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Top 3 Torii Gate Tunnel Photo Spots in…Tokyo!
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Top 3 Torii Gate Tunnel Photo Spots in…Tokyo!

Loving those red torii gate tunnel images from Kyoto, but just can’t get down there? Never fear; Tokyo can deliver. 

We went traipsing around town to find the top three photo spots to complete your holiday snap collection. The good news? You could see them all in one morning! Without further ado: our favourite torii gate tunnels in Tokyo… 

Hie Jinja

Set atop a hill in Nagatachō, Hie Shrine is a green oasis surrounded by city buildings. And as one of Tokyo’s most important shrines, it’s no surprise that many people and businesses have donated these red gates for luck. To find the torii gates from inside the complex, turn right at the main hall, then follow the path to the left.

Turn right at the main hall

The entrance to the senbon torii

If you are outside of the grounds, you’ll want to find the West Entrance, which is over behind the Okamura Chair Museum. What you’ll find is a steep stone staircase flanked by tightly packed vermilion torii. This makes for a great photo from either end of the tunnel. During the day, you may need to wait your turn so try going early for lesser crowds. 

You can get there in a few minutes walk from either Akasaka Station, Akasaka Mitsuke Station, Kokkai-gijidoimae Station or Tameike-sannō Stations.

Address: 2 Chome-10-5 Nagatacho, Chiyoda City, Tokyo (link)
Open: 5:00a.m.–6:00p.m. 

Nezu Shrine / Otome Inari Shrine

Nezu shrine is one of the oldest in town, dating all the way back to 1705. Though well known by locals, many tourists overlook this little backstreet gem. The grounds are open, peaceful and perfect for a little photography. Just after crossing the small bridge, take the path to the left and you’ll find the beginning of the torii gate path which leads to Otome Inari Shrine, a place for maidens to pray for marriage.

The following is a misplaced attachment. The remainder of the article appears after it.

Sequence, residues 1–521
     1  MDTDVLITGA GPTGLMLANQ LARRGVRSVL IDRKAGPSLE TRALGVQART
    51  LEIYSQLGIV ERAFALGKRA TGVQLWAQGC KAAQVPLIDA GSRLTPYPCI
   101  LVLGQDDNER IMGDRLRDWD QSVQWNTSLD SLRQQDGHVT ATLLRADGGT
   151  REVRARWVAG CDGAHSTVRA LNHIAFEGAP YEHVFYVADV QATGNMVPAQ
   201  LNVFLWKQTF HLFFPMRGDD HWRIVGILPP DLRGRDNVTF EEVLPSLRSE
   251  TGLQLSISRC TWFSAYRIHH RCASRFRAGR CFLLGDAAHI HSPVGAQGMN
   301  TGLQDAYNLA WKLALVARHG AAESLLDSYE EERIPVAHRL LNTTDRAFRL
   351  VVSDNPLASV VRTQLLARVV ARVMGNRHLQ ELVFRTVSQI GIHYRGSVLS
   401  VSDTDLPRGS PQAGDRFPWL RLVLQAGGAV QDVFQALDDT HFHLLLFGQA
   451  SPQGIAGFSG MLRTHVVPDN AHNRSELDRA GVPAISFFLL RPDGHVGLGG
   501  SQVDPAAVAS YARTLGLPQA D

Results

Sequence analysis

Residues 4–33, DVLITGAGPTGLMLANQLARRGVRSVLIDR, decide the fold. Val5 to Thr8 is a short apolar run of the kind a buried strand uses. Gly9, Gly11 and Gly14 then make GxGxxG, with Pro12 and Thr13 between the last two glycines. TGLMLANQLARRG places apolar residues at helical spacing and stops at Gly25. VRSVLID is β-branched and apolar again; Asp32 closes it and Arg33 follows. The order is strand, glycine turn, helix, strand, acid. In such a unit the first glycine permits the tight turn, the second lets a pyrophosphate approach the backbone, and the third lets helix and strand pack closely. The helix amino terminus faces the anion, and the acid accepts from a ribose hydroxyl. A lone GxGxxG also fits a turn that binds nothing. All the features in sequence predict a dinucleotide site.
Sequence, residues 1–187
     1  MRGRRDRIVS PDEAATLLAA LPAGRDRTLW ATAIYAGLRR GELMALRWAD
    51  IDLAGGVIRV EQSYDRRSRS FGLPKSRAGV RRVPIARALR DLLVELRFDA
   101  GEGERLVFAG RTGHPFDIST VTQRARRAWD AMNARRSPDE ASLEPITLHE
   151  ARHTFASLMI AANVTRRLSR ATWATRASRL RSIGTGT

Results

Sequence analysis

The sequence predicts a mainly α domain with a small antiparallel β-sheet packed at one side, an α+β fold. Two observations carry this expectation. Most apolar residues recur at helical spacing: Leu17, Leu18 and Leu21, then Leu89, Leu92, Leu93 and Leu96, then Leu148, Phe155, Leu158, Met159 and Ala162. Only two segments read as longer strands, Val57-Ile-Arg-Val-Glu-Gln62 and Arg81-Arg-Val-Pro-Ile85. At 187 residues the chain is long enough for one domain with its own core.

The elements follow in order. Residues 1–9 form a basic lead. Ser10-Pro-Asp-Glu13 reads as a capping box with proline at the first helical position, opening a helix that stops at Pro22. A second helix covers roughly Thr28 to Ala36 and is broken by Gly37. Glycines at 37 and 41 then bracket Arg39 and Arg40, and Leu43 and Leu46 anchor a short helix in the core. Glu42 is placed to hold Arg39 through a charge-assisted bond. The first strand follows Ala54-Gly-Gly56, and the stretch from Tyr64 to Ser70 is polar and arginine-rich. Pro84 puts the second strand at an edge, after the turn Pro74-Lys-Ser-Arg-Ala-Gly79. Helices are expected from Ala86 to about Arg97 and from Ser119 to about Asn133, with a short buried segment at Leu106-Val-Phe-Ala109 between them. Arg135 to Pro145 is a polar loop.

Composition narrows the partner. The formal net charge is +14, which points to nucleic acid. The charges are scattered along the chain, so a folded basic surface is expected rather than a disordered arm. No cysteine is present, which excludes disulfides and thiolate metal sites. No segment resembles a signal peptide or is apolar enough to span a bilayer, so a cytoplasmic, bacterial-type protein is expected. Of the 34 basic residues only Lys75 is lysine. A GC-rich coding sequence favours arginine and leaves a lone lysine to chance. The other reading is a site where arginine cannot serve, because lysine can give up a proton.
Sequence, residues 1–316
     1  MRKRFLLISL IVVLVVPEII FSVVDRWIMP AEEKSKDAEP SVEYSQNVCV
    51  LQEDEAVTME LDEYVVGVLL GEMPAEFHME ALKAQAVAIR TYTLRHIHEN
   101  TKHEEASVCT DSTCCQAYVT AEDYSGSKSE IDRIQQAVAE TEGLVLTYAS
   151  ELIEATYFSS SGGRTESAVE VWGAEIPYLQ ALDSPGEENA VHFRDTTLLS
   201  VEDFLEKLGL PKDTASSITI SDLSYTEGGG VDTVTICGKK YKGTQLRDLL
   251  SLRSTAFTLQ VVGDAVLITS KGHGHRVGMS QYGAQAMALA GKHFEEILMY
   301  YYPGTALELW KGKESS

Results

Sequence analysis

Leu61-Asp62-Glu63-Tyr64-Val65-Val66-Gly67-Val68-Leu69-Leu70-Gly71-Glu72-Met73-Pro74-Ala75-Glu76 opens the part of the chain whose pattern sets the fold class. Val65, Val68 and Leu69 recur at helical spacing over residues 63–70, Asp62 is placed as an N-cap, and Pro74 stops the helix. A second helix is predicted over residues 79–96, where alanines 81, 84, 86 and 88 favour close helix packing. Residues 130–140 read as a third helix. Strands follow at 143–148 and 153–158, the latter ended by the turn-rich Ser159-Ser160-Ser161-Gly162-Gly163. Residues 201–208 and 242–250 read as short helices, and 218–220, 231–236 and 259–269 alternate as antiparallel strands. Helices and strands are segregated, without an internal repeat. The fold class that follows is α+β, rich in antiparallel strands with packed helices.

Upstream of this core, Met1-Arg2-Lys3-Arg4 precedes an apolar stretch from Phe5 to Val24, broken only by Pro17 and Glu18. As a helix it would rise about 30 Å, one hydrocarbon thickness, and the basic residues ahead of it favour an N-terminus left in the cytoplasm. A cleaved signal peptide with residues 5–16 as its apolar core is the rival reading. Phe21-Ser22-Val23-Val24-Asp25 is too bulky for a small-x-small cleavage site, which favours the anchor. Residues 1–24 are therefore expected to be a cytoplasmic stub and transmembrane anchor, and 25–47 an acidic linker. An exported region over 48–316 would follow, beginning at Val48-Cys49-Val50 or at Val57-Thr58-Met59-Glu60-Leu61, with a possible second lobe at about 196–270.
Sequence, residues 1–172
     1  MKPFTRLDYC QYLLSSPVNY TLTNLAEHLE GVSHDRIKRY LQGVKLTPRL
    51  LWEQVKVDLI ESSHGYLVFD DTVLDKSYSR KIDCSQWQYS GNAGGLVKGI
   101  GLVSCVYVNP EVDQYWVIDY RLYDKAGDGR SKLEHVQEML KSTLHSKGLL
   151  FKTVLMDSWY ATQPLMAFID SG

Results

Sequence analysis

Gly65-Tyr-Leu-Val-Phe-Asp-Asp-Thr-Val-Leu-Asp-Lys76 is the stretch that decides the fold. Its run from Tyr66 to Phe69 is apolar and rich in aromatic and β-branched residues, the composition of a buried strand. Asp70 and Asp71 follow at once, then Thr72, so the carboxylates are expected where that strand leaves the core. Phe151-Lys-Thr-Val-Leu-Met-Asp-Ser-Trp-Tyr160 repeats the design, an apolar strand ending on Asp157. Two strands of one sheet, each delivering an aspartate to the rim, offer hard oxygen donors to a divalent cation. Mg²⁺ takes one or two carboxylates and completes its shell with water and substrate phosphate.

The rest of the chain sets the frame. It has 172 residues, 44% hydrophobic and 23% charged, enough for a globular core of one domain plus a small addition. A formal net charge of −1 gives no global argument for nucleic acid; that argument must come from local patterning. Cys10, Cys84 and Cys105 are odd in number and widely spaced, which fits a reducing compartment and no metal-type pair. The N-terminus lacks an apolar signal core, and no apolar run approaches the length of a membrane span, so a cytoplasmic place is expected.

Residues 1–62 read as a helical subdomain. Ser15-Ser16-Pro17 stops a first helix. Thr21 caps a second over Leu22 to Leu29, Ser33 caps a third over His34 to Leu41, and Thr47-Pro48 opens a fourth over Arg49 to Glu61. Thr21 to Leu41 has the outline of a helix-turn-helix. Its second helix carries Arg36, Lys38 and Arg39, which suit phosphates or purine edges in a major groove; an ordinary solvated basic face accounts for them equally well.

These gates have a different aesthetic to Hie Shrine—they’re a little weathered, a little crooked—and you may need to duck under some. And this is exactly what makes them so charming!

If you visit between early April and early May, you’ll catch the Azalea Festival (tsutsuji matsuri) where three thousand azalea bushes form a colourful blanket across the landscape. These definitely add a new element to your torii gate shots, but will mean an increase in people. Head there early for an uninterrupted shoot (they open at 6:00am).

You can reach Nezu Shrine in 5 minutes from either Nezu station or Sendagi station (both on the Chiyoda line) or from Todaimae station (Nanboku line).

Address: 1 Chome-28-9 Nezu, Bunkyo City, Tokyo 113-0031 (link)
Open: 6:00a.m.–5:00p.m., 7 days per week. 

Hanazono Inari Shrine

Head into Ueno Park and make your way over to Hanazono Inari Shrine. This shinto shrine has a small red torii gate path, broken up into groups of around 10 gates, staggered over a few levels on the hill. 

It’s not quite as visually impressive as the above two, but it’s certainly charming. If you don’t have much time in Tokyo, this might be a good option because there are so many other things to see and do around Ueno. For those visiting in cherry blossom season, the park becomes a sea of pink, which will no doubt interest the photographers out there.

Hanazono Inari Shrine is a 5 minute walk from Ueno Station and is close to many other attractions within the park.

Address: 4-59 Uenokoen, Taito City, Tokyo 110-0007 (link)
Open: 6:00a.m.–5:00p.m., 7 days per week.

While there are even more torii gate tunnels in Tokyo, these three should get you started with ample photo opportunities. Happy snapping!

This article was first published by Japan Journeys. Check Japan Journeys for deeper and unique insights into visiting Japan, including wellness, travel, cuisine and more. Follow on Instagram @japanjourneys.jp, and on Facebook at this link!  

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